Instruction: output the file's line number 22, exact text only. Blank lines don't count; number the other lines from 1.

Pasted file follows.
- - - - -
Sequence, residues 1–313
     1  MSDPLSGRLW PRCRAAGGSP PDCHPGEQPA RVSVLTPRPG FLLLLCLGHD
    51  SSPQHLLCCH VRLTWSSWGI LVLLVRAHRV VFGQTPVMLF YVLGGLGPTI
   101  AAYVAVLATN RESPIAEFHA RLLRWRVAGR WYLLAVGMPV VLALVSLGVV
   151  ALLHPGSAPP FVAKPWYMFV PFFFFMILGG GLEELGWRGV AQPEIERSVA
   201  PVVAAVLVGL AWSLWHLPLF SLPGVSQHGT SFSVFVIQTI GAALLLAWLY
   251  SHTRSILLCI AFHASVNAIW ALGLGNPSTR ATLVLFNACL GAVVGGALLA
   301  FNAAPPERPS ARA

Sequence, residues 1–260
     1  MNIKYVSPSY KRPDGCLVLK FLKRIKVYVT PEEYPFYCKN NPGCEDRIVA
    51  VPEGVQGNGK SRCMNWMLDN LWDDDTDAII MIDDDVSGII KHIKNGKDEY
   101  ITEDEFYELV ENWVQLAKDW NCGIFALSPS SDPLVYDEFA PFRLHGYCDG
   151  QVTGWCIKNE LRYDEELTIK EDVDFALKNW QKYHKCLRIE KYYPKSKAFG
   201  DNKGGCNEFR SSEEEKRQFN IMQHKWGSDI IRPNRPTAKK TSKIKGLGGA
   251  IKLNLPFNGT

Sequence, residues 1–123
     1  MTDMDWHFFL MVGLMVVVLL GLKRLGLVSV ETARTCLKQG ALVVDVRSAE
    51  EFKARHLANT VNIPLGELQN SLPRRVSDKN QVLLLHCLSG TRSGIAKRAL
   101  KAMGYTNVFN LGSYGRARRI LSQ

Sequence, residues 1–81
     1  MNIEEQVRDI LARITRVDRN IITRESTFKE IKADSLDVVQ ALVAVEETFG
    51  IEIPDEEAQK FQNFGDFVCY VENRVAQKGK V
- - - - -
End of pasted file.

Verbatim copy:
    51  IEIPDEEAQK FQNFGDFVCY VENRVAQKGK V